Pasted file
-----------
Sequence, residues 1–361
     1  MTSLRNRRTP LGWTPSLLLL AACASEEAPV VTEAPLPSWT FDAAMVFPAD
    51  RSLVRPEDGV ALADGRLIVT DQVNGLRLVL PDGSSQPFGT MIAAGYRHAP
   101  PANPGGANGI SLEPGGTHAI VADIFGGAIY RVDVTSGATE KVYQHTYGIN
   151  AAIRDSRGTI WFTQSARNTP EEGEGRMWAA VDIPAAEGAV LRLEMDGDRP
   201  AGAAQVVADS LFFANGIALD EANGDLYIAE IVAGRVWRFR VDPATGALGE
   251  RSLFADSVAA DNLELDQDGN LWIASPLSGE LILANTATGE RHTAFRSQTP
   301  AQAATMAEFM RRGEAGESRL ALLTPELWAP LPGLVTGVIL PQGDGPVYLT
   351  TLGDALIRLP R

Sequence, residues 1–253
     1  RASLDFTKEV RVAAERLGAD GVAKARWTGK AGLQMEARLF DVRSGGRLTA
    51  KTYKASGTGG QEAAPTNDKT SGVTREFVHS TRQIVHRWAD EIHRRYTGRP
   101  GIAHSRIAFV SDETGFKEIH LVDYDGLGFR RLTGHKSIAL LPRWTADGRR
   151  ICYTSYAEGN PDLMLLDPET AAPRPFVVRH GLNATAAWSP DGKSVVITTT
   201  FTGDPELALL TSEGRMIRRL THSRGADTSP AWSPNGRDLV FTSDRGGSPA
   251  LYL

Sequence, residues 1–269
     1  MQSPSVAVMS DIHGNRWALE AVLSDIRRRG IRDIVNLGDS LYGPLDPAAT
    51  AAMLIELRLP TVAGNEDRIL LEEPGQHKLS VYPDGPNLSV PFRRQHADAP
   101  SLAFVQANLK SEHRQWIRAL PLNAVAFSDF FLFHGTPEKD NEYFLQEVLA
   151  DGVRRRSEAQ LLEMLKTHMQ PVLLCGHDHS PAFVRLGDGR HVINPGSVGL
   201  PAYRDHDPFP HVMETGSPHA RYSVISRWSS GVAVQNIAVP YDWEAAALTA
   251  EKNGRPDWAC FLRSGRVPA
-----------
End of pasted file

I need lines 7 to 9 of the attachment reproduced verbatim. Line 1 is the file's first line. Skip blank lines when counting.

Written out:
   251  RSLFADSVAA DNLELDQDGN LWIASPLSGE LILANTATGE RHTAFRSQTP
   301  AQAATMAEFM RRGEAGESRL ALLTPELWAP LPGLVTGVIL PQGDGPVYLT
   351  TLGDALIRLP R